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Finance, a concept that many of us only heard in our adulthood and then, took us some time to understand, fully. Interestingly, my journey to become acquainted with it didn’t start formally, more by chance.

As any other young high school student, some 20 something years ago,  having the means to indulge yourself with a choco-snack, an extra pair of jeans or simply buy a pretty looking brand name expensive notebook because of its looks was in the list of priorities. But how to get the money needed?

So you embark in all kinds of creative ideas to keep up with school, activities, social commitments and have some sort of income on the side, and let me share a little more in my personal journey: I had to make sure my grades were good enough not to lose my scholarship. As I am struggling to have the cash I want (not asking my parents for it) I found about this extra-curricular activity (martial arts) in my campus and after a couple of months practicing it I conclude that I want to formally learn it and invest myself in it. What do I need? Money!
Since my parents did not see this type of activity fit their daughter’s future, no support to pay for enrollment nor monthly private lessons was coming my way…. What should I do? 

At that time I was already in college and continuing practicing martial arts as part of the school sports available to students, so I talked to the team’s coach about taking private classes in his dojo. He accepted having me as a student and in return I would work as an instructor’s assistant. My job was simple enough and as long as I was on time, I didn’t fail classes nor skip training, I would continue having private lessons. By the way, did I get money? No. Did I get what I want? I sure did!

Lesson 1 – 

Exchange is a very good way to further your personal or professional goals. No money needed!

 

Time goes by and I was fully invested into my Martial Arts development; attending college, commuting from one spot to another, fulfilling school and work commitments and maintaining good enough grades to remain in the scholarship program taught me a couple of lessons:

  1. Discipline is everything – you learn to do things you don’t feel like doing and you refrain yourself from doing things you do want to do.
  2. Time management – we all have 24 hours everyday; it is our decision how we either invest or waste every second of it.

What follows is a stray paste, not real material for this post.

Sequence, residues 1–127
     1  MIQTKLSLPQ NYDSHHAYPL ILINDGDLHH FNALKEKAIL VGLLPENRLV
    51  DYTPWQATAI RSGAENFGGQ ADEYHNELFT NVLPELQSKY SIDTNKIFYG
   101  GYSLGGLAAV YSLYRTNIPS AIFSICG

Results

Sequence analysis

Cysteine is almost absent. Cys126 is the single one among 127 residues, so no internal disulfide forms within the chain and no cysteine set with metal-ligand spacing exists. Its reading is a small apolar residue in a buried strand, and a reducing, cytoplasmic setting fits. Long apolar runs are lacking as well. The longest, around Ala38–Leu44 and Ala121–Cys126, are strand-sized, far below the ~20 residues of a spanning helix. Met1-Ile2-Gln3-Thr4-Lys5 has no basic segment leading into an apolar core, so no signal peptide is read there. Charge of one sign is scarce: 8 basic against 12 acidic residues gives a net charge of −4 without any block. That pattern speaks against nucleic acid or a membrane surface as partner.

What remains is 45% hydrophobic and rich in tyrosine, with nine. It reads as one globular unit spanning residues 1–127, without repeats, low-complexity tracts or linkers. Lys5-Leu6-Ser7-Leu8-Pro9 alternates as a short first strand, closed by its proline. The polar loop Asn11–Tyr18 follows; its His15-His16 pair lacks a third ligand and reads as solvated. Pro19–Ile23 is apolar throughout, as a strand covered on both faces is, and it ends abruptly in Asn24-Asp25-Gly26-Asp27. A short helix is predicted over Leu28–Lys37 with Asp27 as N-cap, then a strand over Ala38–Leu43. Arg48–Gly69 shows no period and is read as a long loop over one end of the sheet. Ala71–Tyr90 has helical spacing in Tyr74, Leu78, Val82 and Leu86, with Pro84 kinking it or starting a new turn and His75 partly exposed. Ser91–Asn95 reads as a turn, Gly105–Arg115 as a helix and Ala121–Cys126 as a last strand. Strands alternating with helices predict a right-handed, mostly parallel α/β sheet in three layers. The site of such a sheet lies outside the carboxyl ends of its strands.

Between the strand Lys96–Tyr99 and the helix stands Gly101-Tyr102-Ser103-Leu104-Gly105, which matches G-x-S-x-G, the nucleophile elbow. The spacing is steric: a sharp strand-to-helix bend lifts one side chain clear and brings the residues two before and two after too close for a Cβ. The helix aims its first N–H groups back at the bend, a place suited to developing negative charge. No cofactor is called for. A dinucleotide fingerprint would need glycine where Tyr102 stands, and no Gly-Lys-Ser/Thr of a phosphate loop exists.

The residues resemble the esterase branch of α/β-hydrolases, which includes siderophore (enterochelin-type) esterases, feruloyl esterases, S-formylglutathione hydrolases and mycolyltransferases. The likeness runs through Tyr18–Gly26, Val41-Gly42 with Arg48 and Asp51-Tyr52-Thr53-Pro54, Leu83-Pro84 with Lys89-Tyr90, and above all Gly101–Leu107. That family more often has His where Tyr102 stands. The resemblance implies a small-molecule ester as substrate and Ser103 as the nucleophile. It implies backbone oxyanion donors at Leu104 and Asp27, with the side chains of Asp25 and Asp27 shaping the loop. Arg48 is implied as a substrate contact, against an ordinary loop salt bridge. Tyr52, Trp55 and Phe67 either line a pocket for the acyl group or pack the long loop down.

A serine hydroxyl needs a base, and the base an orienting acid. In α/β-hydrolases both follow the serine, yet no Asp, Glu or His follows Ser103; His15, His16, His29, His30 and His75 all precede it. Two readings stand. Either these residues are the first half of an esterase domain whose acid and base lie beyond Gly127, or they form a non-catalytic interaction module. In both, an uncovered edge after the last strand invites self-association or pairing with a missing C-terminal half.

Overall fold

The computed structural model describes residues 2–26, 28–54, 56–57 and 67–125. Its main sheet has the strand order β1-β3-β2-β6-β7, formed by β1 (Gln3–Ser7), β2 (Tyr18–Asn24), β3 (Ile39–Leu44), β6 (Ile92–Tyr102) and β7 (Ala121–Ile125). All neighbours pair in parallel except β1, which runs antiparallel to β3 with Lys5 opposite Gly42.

The much foreseen day to receive compensation (money.. yeah!) for the hours of work finally arrived; after 18 months exchanging time for lessons, I am given the opportunity to step it up and take more responsibilities. Evidently priorities have changed and I am faced with the challenge of managing a budget. Since I am now visualizing myself as a professional competitor, I need the proper gear to train, enough resources to subscribe to tournaments and traveling money when needed. But there is not enough for all of that at the moment. Ideas?

Two interesting concepts arrive to save the day: credit and extra-hours.

Using the Martial Arts’ franchise purchase leverage I obtained the gear needed with a better price paying monthly installments. To reduce my debt, I gave extra hours teaching to different classes including weekends.

In order to reach the goal, I had to control each expense and make sure basics were covered before considering entertainment or extras. An important lesson: saving is part of your basics, not an extra to have laying around. In other words:

Lesson 2 –

Have a planned budget!

It is important to dedicate a percentage of your income to savings; whether 10%, 15% or 25% is up to you, what is important is to do it every time money gets to you. Also, it is important to cover all the expenses that allow you to continue your daily life: food, transportation and also, consider your variable expenses, in my case printing material, books or just school supplies. Lastly, entertainment – decide in advance what is an affordable way to have fun and decide the budget you will use – keep it easy to track.

So how do you take these simple but powerful lessons into your everyday life?

Just like that: every day.

 

We tend to believe that Finance, Budgeting, understanding credit and loans is rocket science and you need to formally educate yourself in order to successfully use them to your advantage. Well that is simply not the case. 

Every decision you make in any given day has a very basic formula behind: you are either investing in something or paying (expense) for something. If you are putting out money, hours or knowledge and there will be a return, known in the Finance world as ROI – return of the investment you are indeed, investing.  For example, paying tuition for an education, taking a walk in the park or having an extra lesson with a teacher; all of those activities will give you something in return. 

So how do you make sure to have a balance between investment and expenses? How can you identify in advance what is worth investing in and what are the best resources to use?

 

That my dear friend.. Is part of the next chapter.

For now, live well, decide wisely and enjoy the journey.

 

Guapalita, Jannet

Post Author: Jannet Rios-Derby

Jannet Rios-Derby is an accomplished woman and professional with +15 years of experience in Procurement and Supply Chain Management in various high level positions in transnational companies; as an independent consultant she "does the Tinder work" :) by matching companies to the perfect suppliers, supporting the company’s continuous improvement program or mapping a blueprint to automate procure-to-pay processes. Jannet is passionate about quality education and the future of our youth; she possesses a license in Marketing and holds a Master Degree in Finance.

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